Alleged brawl involving Muslims at Tangshan tollbooth triggers online outcry

By Zhang Hui Source:Global Times Published: 2017/9/4 21:48:39

Angry Chinese netizens have stormed social media accounts of various government departments of Tangshan, North China's Hebei Province on Monday demanding a response to an alleged brawl involving Muslim minorities at a local toll station during the weekend.

The Weibo account of Tangshan Public Security Bureau has drawn over 2,500 comments about the incident by press time, with most demanding that the government should not be biased toward Muslim minorities as they believe the authorities are always working for "unity at the cost of justice." Other Weibo accounts like the Communist Youth League's also received over 14,000 incendiary comments.  

Calls to the Kaiping district public security bureau and Kaiping government which have jurisdiction over the toll station, went unanswered as of press time. 

Asked about the alleged brawl, a publicity department employee surnamed Zhao from the government of another district in Tangshan, Guye district, confirmed with the Global Times that "someone was beaten," without elaborating on the details. 

An online video showed that dozens of men in white skull caps gathered in front of the Kaiping district government, while several other videos depicted broken windows and computers of a tollbooth. A man could be seen throwing stone to a tollbooth in one video with background noises shouting "bravo!"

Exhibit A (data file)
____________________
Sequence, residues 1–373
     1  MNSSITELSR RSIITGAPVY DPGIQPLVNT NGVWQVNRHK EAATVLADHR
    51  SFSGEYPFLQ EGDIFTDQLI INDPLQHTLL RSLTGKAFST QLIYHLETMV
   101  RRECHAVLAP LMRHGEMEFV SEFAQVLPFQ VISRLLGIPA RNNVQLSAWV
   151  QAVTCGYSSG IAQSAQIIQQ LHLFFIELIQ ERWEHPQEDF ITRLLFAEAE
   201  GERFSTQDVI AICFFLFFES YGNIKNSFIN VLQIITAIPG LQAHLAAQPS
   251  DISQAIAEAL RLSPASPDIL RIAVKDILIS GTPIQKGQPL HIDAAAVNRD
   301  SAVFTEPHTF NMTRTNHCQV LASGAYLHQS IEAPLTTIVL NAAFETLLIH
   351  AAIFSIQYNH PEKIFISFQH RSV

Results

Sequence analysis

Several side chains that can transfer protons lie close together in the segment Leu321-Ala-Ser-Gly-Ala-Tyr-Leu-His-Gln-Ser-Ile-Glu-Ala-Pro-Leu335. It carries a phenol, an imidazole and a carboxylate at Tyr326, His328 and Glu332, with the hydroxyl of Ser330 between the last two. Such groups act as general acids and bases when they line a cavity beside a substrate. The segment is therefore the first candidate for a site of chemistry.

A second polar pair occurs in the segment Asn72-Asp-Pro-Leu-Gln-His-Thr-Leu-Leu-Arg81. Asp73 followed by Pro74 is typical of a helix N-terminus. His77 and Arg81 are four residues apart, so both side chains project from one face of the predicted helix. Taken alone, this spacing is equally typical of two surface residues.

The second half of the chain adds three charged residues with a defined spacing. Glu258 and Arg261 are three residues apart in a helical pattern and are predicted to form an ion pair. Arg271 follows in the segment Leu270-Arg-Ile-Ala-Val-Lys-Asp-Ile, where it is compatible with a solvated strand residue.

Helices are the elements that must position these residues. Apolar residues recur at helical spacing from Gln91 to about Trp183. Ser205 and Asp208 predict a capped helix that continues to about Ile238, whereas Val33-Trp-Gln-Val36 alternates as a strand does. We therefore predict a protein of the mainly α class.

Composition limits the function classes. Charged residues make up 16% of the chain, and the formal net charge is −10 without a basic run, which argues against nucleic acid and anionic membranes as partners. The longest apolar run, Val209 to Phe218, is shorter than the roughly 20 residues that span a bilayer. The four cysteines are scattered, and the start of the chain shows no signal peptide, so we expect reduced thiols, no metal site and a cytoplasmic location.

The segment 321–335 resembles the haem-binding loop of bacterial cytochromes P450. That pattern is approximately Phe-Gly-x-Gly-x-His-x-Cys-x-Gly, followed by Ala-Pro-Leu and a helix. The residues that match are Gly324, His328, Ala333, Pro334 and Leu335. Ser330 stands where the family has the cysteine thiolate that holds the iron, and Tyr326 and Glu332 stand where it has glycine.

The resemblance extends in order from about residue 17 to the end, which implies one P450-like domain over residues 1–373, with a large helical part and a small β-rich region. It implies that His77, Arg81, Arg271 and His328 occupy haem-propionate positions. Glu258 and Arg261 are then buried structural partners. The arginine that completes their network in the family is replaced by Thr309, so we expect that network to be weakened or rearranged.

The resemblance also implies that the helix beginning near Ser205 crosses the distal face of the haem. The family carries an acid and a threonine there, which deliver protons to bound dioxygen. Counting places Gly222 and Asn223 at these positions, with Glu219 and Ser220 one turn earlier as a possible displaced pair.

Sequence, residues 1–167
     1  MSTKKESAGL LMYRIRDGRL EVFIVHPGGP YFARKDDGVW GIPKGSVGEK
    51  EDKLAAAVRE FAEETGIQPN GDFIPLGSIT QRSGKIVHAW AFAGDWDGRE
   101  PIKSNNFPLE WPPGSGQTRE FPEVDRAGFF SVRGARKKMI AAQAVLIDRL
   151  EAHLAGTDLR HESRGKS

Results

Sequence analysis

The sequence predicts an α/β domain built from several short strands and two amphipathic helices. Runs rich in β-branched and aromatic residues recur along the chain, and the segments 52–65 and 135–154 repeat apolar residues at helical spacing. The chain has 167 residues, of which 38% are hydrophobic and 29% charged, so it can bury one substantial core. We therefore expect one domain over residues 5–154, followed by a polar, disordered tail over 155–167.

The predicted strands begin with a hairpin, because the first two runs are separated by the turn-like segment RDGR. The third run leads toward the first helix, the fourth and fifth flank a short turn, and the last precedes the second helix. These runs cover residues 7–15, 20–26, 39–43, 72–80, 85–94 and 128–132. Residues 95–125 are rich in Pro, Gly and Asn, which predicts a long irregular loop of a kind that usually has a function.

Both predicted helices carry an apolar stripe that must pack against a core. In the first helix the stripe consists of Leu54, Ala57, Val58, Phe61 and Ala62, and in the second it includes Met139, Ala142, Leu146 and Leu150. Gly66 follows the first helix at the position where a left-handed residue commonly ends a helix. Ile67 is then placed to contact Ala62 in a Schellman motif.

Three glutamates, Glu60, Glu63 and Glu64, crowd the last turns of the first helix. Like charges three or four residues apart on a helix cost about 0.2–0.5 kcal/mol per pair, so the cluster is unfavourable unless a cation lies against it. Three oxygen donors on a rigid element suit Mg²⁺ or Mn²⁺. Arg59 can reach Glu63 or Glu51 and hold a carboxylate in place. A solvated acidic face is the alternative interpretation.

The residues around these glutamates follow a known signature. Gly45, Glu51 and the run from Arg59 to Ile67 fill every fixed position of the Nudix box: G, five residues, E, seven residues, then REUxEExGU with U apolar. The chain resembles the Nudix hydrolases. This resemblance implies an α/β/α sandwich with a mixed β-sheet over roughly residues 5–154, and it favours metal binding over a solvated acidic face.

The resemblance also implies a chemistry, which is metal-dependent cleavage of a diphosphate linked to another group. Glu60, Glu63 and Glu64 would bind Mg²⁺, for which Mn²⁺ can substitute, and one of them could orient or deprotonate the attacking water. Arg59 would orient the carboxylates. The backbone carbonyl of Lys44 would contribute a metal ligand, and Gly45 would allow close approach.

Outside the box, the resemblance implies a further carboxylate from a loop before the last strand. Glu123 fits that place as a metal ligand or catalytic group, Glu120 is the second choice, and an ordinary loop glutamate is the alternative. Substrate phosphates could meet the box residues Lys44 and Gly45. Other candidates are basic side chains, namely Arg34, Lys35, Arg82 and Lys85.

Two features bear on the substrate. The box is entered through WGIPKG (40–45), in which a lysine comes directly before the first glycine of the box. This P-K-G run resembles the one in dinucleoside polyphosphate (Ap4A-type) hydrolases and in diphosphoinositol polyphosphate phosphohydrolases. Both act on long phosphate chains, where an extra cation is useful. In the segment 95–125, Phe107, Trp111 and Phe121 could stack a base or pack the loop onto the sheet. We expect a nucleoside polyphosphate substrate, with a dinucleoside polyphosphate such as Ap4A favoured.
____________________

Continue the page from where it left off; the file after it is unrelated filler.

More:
According to two notices allegedly from the Guye district government and Kaiping district police bureau circulated online, the imam of a mosque in Guye district allegedly scuffled with an employee of the Dongchukou toll station in Kaiping district Saturday after the imam was stopped for passing through a closed lane at the station. Some 100 local Muslims then gathered and blocked the toll station, according to the notices. The notices could not be seen on the official website of the Guye district government and Kaiping district police bureau.  

After the videos and notices went viral, many angry Chinese netizens complained about the country's "partial policies toward Muslims for the sake of social stability," and demanded a thorough investigation into the incident and punishment for those who broke the law. The authorities are viewed to be more lenient to offenders who are Muslim minorities.

The online complaints were also posted in the commentary sections of several daily hot topics on Sina Weibo. Meanwhile, many discussions of the incident have been deleted on several Chinese social media platforms Monday.

The incident has also induced anti-graft emotion against local transportation authorities, because netizens and media revealed that the Dongchukou station was still charging toll fee after the local government had announced to cancel it. 

China Consumer, a Beijing-based newspaper, reported on August 1, 2016 that the provincial government has ordered the local government to close the toll station in 2009. But the station is still running in 2017.  

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